Gasoline prices have gained around 20% year-to-date.
This week, gasoline topped $2.90 per gallon and may yet reach $3.
In the United States, gasoline inventories are lower than the five-year average both because of the gap between demand and production rates but also because of unplanned refinery outages.
The direction of oil prices is top news material. Everyone follows oil prices. Many also follow the prices of the most traded oil derivatives, and some may have noticed something rather alarming in the trend of one of these derivatives.
Gasoline, one of the six most traded petroleum contracts on the global futures market, has gained over 20% in the year to date, according to a recent Bloomberg report. This is more than what crude oil has gained—a lot more.
At the start of this year, Brent crude was trading around $78 per barrel. This week, the international benchmark, which now also includes a U.S. crude grade, touched $83 per barrel.
Gasoline, meanwhile, started the year at less than $2.50 per gallon. This week, gasoline topped $2.90 per gallon and may yet reach $3.
This is a cause for worry for governments around the world because gasoline, along with diesel, plays a lead role when it comes to inflation. When the price of fuels rises, the prices of everything else rises, too, because everything else is being moved from one place to another—from producer to consumer—on vehicles using either diesel or gasoline.
Yet while diesel is a lot more common for goods transportation, gasoline is a lot more popular among regular drivers. Gasoline demand is a closely watched economic indicator that analysts use to gain insight into the state of the economy, among many others.
Right now, the data suggests that gasoline demand is quite healthy, which could be cause for optimism about the global economy were it not for the fact that supply is falling short of expectations. This is fueling concern about more inflation pain despite the efforts of central banks in Europe and North America to tame it with a series of rate hikes.
In the United States, the Federal Reserve announced yet another hike of 25 percentage points for the benchmark interest rate this week. In the same week, gasoline prices moved higher, with the national average adding 4% in a single day. According to the EIA, gasoline stocks are some 7% below the five-year average for this time of the year. And oil drillers are not drilling more. They are drilling less.
In Europe, governments had to step in last year and subsidize fuels amid the energy crunch and the following embargo on Russian crude and fuels. The move drew a lot of criticism from transition advocates who argued the EU is essentially selling out to the oil and gas industry by encouraging the use of its products.
Yet those governments that implemented the subsidies knew very well what they were doing: they were avoiding riots by millions of drivers whose living standard depends quite a lot on affordable fuels.
Meanwhile, the European Central Bank just hiked interest rates to the highest in more than two decades. And gasoline is not going down anytime soon. Because there is simply not enough supply, at least not everywhere.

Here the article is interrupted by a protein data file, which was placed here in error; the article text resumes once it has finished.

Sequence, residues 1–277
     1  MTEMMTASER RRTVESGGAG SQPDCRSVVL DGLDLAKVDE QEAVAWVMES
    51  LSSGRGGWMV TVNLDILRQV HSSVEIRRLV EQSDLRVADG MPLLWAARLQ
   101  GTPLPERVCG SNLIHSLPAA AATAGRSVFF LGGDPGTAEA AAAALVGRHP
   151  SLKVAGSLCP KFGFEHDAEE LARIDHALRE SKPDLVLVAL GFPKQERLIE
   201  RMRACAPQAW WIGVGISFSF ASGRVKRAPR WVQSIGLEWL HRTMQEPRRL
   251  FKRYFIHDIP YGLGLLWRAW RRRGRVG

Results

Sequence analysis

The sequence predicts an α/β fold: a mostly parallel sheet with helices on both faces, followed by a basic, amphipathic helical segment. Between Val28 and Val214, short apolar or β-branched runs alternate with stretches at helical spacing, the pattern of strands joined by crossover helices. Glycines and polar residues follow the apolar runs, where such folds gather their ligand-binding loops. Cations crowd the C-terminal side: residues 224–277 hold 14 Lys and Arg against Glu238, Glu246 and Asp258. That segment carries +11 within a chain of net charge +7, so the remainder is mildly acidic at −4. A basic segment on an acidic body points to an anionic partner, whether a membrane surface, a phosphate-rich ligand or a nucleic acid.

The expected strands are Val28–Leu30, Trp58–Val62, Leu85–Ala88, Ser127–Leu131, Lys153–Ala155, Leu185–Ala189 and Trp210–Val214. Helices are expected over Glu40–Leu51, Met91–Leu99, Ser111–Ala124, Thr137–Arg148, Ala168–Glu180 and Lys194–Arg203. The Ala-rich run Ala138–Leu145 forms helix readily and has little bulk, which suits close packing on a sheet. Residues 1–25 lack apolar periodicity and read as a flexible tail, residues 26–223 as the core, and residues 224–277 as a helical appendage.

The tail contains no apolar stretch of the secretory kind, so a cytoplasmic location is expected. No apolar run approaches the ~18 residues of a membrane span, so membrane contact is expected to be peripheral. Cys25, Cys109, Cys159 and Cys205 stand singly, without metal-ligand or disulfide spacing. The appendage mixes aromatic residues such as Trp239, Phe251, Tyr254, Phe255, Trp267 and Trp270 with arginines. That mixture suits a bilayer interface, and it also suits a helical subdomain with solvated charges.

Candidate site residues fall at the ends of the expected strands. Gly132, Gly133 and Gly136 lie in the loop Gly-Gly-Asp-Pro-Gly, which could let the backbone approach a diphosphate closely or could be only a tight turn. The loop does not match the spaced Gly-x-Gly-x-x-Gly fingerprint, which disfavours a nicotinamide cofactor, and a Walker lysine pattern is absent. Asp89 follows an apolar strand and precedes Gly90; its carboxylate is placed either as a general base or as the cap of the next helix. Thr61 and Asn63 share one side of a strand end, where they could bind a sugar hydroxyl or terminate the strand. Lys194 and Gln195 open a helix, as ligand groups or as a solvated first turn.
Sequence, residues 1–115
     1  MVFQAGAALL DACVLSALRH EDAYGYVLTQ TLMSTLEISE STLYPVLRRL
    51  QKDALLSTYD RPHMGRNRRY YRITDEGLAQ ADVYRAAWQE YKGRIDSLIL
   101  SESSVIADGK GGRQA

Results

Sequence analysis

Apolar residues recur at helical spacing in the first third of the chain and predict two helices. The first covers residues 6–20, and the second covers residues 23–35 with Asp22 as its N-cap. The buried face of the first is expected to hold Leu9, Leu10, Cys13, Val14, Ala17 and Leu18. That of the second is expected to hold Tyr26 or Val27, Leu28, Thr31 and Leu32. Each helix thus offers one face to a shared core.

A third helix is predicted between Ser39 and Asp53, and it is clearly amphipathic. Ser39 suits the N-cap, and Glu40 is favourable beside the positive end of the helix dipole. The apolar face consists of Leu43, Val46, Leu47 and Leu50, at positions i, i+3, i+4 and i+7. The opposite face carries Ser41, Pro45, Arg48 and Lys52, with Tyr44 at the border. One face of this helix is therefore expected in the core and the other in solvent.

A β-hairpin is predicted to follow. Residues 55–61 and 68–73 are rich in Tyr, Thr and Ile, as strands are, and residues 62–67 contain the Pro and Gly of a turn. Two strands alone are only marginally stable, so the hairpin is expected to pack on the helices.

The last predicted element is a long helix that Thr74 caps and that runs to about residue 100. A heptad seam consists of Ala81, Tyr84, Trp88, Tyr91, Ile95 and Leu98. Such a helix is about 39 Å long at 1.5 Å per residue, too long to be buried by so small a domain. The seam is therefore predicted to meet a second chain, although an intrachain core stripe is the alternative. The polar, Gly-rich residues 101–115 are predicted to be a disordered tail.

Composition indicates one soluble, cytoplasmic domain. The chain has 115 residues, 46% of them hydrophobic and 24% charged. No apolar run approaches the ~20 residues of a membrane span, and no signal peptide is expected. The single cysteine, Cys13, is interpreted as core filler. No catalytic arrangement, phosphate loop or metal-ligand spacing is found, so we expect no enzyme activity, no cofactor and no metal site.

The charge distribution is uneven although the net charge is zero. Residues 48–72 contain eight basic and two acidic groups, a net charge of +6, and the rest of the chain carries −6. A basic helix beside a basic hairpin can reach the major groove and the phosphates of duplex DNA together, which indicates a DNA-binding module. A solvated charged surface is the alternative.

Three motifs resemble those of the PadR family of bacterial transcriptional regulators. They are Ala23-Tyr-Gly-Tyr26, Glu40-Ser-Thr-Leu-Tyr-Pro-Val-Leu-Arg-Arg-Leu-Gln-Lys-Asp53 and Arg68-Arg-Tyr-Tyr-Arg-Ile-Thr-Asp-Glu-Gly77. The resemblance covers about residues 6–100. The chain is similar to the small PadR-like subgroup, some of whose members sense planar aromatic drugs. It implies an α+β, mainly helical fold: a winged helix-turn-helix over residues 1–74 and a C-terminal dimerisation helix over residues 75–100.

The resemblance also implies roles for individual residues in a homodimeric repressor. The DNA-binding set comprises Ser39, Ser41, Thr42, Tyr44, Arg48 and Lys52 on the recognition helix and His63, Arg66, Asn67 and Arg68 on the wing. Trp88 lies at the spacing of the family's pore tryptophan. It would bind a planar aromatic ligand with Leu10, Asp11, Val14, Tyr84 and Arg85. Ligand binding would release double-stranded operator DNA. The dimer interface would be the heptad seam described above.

In the United States, gasoline inventories are lower than the five-year average both because of the gap between demand and production rates but also because of unplanned refinery outages, Bloomberg noted in its report, such as the one at Exxon’s Baton Rouge facility from earlier this week. In fact, for this time of year, gasoline inventories are the lowest since 2015...
Media reported that a gasoline production unit was down at the Baton Rouge refinery earlier this week. The reports noted that the unit, a catalytic converter, could be down for several weeks. Needless to say, gasoline prices jumped lively at the news.
In Europe, refining and gasoline production has been disrupted by protests in France and then, last month, Shell’s Pernis refinery in the Netherlands shut down a unit due to a leak.
That and the shutdown of refineries in the past few years on both sides of the Atlantic have combined to create a tight supply picture even as governments consider bans for gasoline-powered cars.
While they consider these bans and even vote on them, consumption is on the increase. Bloomberg reports that gasoline consumption in France, Germany, Spain, and Italy is on the rise. At the same time, because of the embargo on Russian fuels, feedstocks needed to produce gasoline are in short supply on the continent.
Meanwhile, Chinese refiners are producing millions of barrels of gasoline and diesel. They are, in fact, producing so much that there were recently pressuring refining margins for the whole region. But most of the gasoline and diesel that Chinese refiners produce gets consumed locally. Because although it’s the world’s biggest EV market, China is also a giant non-EV market. And fuel demand is on the rise.
The picture that gasoline supply and demand trends paint is one of prolonged tight supply and high prices.
This, in turn, will likely keep inflation untamed despite the best efforts of central banks—efforts, which also unfortunately make life more expensive.
The silver lining: inflation leads to lower consumption of everything. The risk is slipping into a recession.